What‘s with this Harpa?
Harpa Concert hall and Conference Centre is one of Reykjavik’s landmarks. It’s known for stunning architecture, varied events and great restaurants.
The Icelandic nation had for a long time a troubled relationship with Harpa. It was supposed to be a gift to the Icelandic nation from one of Iceland’s biggest banks. When the construction work had just started, 2008 happened. A financial collapse that hit Iceland particularly hard, because of the Icelandic banks.
The building had to be finished, and was payed for by the state in dire times when money was needed for pretty much everything else. Tax payers were not all that happy.
Today, nine years later, most Icelanders are at peace with Harpa. It is indeed a culture house for the nation with events ranging from electric music festival (partly held in the underground parking lot), plays for tourists and kids, opera, heavy metal concerts and last but not least, the Iceland Symphony Orchestra. It also hosts Design March and a seasonal food market.
Harpa manages to put on many faces, to be a platform for events for pretty much every angle of society.
Two different but great restaurants
Two great restaurants with very different atmosphere, and a good happy hour don’t spoil it for Harpa either.
The name is a reference to the Danish Smørrebrød, open faced sandwiches which have for years been popular in Iceland. The restaurant takes this traditional food, put’s a bit of an Icelandic twist on some, modern twist on others. Most of it is just well bade traditional food with great ingredients. The atmosphere is laid back, and even though the surroundings are beautiful and the food delicious, the price is reasonable.
If you’re passing by Harpa in the afternoon and not all that hungry, Smurstöðin is still a lovely stop. The happy hour is from 16-18, with decent wine and beer on a very affordable price, in this beautiful building.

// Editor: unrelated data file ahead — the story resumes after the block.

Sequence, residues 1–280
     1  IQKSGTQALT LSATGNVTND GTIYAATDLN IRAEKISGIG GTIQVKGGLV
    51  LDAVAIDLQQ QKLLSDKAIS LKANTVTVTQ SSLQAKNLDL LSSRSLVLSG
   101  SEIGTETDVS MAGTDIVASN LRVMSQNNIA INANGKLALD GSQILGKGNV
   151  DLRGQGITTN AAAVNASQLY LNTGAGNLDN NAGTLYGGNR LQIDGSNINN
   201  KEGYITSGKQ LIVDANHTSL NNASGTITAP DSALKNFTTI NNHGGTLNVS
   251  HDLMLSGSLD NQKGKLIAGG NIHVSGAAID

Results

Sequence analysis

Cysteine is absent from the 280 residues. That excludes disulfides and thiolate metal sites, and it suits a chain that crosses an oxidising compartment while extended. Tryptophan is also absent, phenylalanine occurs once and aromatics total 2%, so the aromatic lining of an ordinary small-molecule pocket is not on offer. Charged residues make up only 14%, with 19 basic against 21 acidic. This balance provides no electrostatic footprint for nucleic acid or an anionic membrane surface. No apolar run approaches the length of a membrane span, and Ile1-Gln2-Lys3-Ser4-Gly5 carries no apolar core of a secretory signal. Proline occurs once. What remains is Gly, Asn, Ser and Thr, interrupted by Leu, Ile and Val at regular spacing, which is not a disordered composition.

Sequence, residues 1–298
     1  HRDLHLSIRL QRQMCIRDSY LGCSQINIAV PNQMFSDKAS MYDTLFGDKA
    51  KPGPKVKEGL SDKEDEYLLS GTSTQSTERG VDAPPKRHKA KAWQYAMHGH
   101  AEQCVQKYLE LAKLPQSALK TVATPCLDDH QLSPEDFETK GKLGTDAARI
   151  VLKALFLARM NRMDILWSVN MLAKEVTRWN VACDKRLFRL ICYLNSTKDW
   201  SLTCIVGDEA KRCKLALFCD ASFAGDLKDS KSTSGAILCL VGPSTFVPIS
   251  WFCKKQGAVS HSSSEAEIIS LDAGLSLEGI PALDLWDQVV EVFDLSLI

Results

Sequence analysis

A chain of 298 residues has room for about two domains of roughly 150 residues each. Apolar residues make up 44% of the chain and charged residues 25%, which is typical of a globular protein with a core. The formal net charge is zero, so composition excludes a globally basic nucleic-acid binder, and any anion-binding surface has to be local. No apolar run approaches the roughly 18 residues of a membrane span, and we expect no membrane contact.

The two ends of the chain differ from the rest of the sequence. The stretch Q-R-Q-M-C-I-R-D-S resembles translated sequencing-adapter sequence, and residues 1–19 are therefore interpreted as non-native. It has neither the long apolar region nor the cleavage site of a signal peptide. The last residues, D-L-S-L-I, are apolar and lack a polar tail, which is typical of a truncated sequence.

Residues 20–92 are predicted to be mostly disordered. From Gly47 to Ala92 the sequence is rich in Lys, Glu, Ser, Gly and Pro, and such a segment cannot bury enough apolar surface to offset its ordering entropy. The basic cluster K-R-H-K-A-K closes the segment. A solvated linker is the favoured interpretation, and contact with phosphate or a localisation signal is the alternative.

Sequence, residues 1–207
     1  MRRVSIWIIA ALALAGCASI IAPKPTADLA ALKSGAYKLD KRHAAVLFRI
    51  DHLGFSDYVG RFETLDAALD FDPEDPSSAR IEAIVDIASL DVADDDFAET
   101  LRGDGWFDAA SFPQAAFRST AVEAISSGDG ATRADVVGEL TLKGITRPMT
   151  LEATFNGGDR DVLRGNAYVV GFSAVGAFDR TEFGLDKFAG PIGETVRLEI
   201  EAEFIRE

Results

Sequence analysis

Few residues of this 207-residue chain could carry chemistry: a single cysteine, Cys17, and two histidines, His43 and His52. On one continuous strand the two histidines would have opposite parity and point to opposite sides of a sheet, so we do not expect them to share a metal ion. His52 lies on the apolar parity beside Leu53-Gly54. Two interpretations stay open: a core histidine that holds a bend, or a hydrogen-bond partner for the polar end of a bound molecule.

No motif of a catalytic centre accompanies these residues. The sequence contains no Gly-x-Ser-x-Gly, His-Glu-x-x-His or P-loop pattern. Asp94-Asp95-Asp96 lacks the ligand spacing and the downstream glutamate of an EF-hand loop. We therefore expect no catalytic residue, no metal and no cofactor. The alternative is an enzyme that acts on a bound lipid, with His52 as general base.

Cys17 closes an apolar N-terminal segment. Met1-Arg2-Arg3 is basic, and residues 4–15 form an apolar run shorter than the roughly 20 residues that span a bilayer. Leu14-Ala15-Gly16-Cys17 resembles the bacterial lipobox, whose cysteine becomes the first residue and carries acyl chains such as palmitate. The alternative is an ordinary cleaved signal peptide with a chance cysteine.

Smurstöðin is located on Harpa’s ground floor, with the mirror roof above, and great windows all around where guests can admire the city buzzle in Reykjavik from a bit of a distance.
One of the best dishes I have ever tasted, I got at Kolabrautin. It was butternut squash with ricotta and truffles, on last Christmas’ menu. The rest of the meal was delicious, but there was something about this one dish, perhaps because it was so simple and truth be told I was sceptical about it being vegetarian. After proving me so irrevocably wrong, the chefs at Kolabrautin have my full respect.
Located on Harpa’s fourth floor with a view over the ocean and the centre of Reykjavik in this beautiful building, there are few restaurants that can rival Kolabrautin’s surroundings.
It’s a fine dining restaurant that creates Italian food with Icelandic ingredients. The meal is not cheap by any means, though at the same level as any other fine dining restaurants in the city, but the service and the food is some of the best in Reykjavik.
A work of art, litterally
One of Harpa’s most striking features is the South façade, which faces the centre. The entire wall is set with hexagonal class tubes that lean a bit forward. Standing under it, it reminds you of a great wall of columnar basalt, not an uncommon sight in Iceland.
Here and there, there are panes of coloured glass and in façade. They are not obvious, and change depending on where you stand and how the light hits it. This makes the overall look of Harpa very different in the everlasting days in summer, and the long dark nights of winter.
The wall has led lighting built into it, which are lit when the natural light is low enough for it to be visible. It changes Harpa into a great canvas where all sorts of colour can be displayed upon it.
This is the brainchild of Danish/Icelandic artist Ólafur Elíasson. He designed the south facade, and developed the principle for the remaining north/east/west facades and roof (which have a pattern of the outstanding south façade) in collaboration with Henning Larsen Architects and Batteríið Architects.
The colour of the glass changes depending on the natural light and where the viewer stands. Photo: Iceland Monitor/Árni Sæberg